Screenwriting Tips: Scene Checklist Part 3
First, let's examine our terms. A better understanding of them will help your screenwriting in many ways, so it's worth taking the time.
GOAL - that clear, concise, easily-recognisable finish line your character thinks they need to cross to achieve what they want.
STRATEGY - the holistic plan, seen from 35,000 feet that will help them reach that goal
TACTICS - the on-the-ground, action-by-action details of how that strategy will be executed.
To make these concepts crystal clear, here's an example from everyday life:
GOAL - I want a birthday cake for my son.
STRATEGY - I will wait until I'm alone in the house and can concentrate on baking it myself. Being drunk may help, too, so I'll need to have a bottle of wine handy.
TACTICS - drink, combine, pour, SPILL, drinkdrink, whisk, layer, BREAK, drinkdrinkdrink, bake, burn, SCREAM, drinkdrinkdrinkdrink, pass out.
Notice the verbs I used when describing the tactics of baking a cake. They're all active verbs, i.e. the subject of the verb, ME, is (assumed to be) performing the action.
Phil spills the cake batter on the floor.
When the verb changes to passive, the object (not the hero) becomes the subject.
The cake batter is spilled on the floor by Phil.
See how the active form conveys a greater sense of DOING by the main character?
SCENE STRATEGY AND TACTICS
As screenwriters, we're taught to keep our characters active, moving forward towards their goal, because passive is boring. This maxim applies not only to your plotting in a macro sense; it's also true for their strategy and tactics within a scene.
So, let's put our hero in a scene with another character.
The hero has a goal: to get the other character to do something. Naturally, we need some drama, so that other person doesn't want to do what the hero wants, i.e. for this scene, the other character is the antagonist.
If the hero knows they will meet resistance, they may go into the scene with a plan. If the opposition they encounter is a surprise, they'll have to make one up on the fly.
Either way, the hero needs a strategy to reach their goal. What will it be? Will they approach them at work, on the street, in a bar? Are they dressed for conflict or seduction? Do they intend to use overwhelming force, gentle persuasion, or something in between to get what they want?
Okay, now, the scene starts. The hero deploys their tactics....
Rick saunters up to a smartly-dressed woman. Hands in pockets. Smiling.
See the active verbs? Great, but guess what? Active verbs can be used not only to describe the main character's physical tactics., but also their verbal - in a different way.
Allow me to explain.
Think about how many times you've tried to get someone to do something they didn't want to do? How did it go? Did it start off well? Did you...
comment on their attire/haircut (to disarm)
ask about their day (to empathise)
talk about the football game (to bond)
I'm guessing if your friend didn't want to do the thing you wanted from the outset, things got tougher. But maybe they owed you one? Perhaps you thought a good friend should do that thing, so you persisted because you had a goal to reach.
you brought up the subject (to ask a favour)
you laughed off their concerns (to downplay)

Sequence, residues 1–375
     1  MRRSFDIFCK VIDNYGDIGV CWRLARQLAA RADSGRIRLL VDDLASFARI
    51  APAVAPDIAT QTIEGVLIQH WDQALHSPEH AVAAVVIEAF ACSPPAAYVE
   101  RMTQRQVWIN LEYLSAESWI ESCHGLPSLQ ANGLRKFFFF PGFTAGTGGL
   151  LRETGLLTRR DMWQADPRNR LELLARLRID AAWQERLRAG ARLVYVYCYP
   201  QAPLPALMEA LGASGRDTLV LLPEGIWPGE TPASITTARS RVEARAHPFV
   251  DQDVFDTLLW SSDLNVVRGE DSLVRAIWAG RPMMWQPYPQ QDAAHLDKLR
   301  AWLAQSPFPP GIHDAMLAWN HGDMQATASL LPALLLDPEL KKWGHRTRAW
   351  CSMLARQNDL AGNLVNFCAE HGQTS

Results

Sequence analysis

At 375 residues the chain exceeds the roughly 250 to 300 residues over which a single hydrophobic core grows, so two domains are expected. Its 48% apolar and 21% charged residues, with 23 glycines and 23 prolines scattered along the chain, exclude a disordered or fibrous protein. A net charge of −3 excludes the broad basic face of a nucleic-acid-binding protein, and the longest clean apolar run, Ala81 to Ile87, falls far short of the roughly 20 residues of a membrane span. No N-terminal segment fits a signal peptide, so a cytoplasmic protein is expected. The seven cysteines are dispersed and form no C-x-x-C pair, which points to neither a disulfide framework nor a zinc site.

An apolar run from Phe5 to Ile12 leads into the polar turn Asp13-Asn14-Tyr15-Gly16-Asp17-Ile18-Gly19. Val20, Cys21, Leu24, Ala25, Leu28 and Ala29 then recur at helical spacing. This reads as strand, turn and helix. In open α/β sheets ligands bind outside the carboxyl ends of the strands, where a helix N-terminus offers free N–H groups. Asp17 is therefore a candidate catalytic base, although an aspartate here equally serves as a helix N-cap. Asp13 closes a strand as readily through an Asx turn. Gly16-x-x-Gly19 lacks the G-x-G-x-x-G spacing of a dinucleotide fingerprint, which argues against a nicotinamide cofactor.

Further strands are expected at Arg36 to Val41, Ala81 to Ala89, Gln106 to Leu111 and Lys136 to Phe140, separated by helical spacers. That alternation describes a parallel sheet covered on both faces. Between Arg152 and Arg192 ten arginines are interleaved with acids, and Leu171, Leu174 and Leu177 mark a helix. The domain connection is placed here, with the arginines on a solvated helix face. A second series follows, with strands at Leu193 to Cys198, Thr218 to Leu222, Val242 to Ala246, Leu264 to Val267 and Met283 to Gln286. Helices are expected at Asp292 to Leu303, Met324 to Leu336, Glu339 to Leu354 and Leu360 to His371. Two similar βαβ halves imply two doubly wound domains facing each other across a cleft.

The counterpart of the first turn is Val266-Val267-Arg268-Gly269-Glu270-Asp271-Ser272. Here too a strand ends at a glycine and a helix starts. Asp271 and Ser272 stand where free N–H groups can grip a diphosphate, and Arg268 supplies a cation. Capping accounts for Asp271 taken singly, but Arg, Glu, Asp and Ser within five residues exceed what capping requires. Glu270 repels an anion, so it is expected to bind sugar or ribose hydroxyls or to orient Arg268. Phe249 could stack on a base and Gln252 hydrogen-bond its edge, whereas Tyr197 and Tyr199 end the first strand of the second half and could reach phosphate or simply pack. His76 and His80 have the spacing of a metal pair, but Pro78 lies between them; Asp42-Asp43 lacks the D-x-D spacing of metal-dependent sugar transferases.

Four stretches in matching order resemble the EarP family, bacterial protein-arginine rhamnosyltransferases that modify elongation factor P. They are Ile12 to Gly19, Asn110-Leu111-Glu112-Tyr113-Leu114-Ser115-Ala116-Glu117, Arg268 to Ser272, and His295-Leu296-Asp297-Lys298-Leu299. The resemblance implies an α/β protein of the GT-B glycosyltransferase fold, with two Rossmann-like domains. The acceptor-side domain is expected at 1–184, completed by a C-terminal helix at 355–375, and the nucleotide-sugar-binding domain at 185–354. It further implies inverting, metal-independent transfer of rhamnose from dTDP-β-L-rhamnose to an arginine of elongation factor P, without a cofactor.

you highlighted the benefits (to convince)
you denied it was self-serving (to deflect)
you got hot under the collar (to argue)
you reminded him he owes you (to guilt)
you suggested there could be consequences for refusing (to threaten)
they physically or verbally punched you and walked away.
See how this meeting between hero and antagonist arcs from positive to negative?
Notice the rise in tension as your efforts are blocked, your chances of failure are rising, and you become more desperate to reach your goal?
No matter the genre of film you're writing, you want to scene dynamics similar to this.
One way to ensure that is to go through your first draft and see if you can label each beat of your scene with the kind of 'active verb descriptors' I've put in brackets above.
It's a shorthand way to map your character's tactics. It will confirm whether their strategy and goal is clear and authentic. If it is, the reader will recognise what the character is doing based on their own life experiences and it will ring true!
Tips from the STORY Guru
Robert McKee, in his book STORY, examines a scene from CASABLANCA that illustrates this technique of analysis brilliantly. He refers to each active verb moment as a BEAT and shows how the scene arcs from positive to negative. Not just from the beginning to the end of the scene, but from beat to beat. THAT'S how you make a scene sing with drama!
Below are two video clips of the same scene from CASABLANCA. In the first, some enterprising person has overlaid the scene with McKee's audiobook commentary to show you beat by beat what I'm talking about. This may or may not be an infringement of copyright.
In case it is, and it's taken down, I include another clip without the commentary. Read my list of 'argument beats' above and then see if you can recognise (and label) the different kinds that are in the CASABLANCA scene.
I hope you found that helpful, If so, please feel free to share this post.
Now, cancel your plans to bake a cake and get writing! :)
Phil Parker, a dual-citizen American/Aussie screenwriter, based in Sydney, writes feature screenplays, TV pilots, and treatments for directors and producers around the world. His speciality is adventure stories. Phil's animated family adventure, CATSAWAY is in production in Abu Dhabi, and currently, he's writing a WWII action/adventure feature for producers in Australia and England.
Contact Phil now